Faith had heard the stories from that awful winter of green beans. She saw the pain in her father’s face and understood how that winter had affected her mom and dad. And she agreed that no one deserved to go hungry. As Faith grew up, her father’s passion became her own. And then it become a mission that Faith and I shared.
When we learned about an opportunity to help a local food bank we gladly accepted the assignment. Our church had partnered with a outreach program called Community Emergency Services (CES) located on the south side of Minneapolis. CES was setting up a food shelf in the sanctuary of a church and needed help cleaning pews, setting up the food shelf, and filing papers. We signed up and arrived that day happy to be able to make a small impact. As we cleaned, organized and talked with the staff we learned more about CES and the community it was serving. Many of their clients were from East Africa and couldn’t speak English, making it hard to find work and provide for their families.
We couldn’t imagine the challenges these families were facing and found ourselves drawn to help in any way we could. We returned several times over the years to help with their bonus Friday Food Giveaway. We would help sort the fresh produce and baked goods — items that are hard to come by in food banks. Everyone in the community was welcome with no need to qualify or register in order to participate.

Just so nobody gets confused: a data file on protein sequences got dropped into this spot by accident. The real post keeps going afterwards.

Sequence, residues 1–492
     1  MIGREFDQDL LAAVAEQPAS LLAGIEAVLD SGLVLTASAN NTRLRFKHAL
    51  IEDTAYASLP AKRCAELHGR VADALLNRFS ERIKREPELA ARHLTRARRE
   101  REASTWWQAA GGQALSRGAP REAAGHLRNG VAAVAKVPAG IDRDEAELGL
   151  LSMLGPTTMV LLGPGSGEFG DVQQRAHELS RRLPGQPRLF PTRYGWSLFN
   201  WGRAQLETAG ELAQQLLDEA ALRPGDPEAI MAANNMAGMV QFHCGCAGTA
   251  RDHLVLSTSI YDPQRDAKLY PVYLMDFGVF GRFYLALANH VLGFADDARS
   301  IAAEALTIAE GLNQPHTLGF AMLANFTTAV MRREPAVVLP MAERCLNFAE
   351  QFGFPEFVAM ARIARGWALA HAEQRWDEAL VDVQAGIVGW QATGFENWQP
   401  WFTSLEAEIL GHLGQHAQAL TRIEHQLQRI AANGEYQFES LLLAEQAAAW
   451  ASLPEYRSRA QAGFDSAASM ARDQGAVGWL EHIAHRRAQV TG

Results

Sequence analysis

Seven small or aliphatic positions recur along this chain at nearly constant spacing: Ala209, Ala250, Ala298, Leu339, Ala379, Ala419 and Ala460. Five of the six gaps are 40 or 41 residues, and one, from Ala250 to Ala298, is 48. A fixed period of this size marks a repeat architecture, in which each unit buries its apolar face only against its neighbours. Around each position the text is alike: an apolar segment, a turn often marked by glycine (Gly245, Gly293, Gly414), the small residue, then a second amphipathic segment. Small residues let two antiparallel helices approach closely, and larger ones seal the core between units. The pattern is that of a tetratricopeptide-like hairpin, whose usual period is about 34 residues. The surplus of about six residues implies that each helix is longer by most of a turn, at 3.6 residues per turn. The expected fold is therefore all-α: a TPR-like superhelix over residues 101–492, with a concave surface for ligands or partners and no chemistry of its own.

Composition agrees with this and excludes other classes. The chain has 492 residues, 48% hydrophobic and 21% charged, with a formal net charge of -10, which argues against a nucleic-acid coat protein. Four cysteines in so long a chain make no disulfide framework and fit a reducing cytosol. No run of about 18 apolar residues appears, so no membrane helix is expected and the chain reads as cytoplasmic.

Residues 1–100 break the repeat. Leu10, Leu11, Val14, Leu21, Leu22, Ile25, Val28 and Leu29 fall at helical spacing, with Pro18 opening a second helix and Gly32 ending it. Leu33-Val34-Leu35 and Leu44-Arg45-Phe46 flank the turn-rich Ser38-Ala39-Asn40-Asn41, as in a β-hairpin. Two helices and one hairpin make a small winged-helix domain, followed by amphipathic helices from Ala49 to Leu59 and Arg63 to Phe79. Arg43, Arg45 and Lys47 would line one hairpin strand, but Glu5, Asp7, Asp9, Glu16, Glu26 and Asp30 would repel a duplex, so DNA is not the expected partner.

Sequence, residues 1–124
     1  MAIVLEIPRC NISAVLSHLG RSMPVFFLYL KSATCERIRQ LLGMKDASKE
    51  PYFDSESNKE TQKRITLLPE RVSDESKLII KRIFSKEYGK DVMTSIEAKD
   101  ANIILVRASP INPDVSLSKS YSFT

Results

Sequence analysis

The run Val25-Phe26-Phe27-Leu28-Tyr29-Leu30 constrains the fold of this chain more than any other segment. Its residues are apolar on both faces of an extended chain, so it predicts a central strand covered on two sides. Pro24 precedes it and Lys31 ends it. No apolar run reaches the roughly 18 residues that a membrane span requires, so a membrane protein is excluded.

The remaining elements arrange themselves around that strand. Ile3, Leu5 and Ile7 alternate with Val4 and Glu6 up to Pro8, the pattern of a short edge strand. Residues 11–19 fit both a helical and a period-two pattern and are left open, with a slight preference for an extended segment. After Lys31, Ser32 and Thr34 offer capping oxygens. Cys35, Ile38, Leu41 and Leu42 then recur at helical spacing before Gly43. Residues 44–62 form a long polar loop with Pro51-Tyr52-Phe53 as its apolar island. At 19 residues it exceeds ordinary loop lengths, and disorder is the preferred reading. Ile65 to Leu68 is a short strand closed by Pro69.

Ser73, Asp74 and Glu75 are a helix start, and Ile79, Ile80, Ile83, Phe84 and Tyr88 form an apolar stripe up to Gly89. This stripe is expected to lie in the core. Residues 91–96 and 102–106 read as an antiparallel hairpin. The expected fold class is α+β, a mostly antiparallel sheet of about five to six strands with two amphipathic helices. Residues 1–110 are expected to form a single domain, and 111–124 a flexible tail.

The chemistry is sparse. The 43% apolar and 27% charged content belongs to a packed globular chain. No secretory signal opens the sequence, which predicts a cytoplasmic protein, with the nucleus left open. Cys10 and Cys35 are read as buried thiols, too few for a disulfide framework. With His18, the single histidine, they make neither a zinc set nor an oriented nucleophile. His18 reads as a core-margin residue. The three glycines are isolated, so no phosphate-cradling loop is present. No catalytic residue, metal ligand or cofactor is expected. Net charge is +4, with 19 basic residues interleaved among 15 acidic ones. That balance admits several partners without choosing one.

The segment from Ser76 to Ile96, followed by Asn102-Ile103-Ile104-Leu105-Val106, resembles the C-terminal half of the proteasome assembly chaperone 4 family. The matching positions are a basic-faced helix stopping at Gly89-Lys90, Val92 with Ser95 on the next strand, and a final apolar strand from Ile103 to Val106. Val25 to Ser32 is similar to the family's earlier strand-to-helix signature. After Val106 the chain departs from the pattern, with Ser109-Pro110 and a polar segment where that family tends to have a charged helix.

As the months came and went we learned that CES also hosted a special Thanksgiving Distribution. Every year on the Saturday before Thanksgiving they welcomed families to come and pick up all the food they needed to make a holiday dinner. CES was looking for volunteers to be greeters and hand out goodies to those waiting in line. We thought this was a wonderful program and offered to help.
Faith loves baking, so she offered to make her homemade cookies and bars. As the doors to the church opened that Saturday, we welcomed the community members inside and out of the cold. While they waited patiently for their turn to receive food baskets, Faith and I handed out her baked goods along with coffee or cider. The church felt magical that day. Holiday cheer was in the air and everyone who came through those doors was beyond grateful for the food. But more than that, their hearts were filled with gratitude that someone cared enough to show up and help them in their need.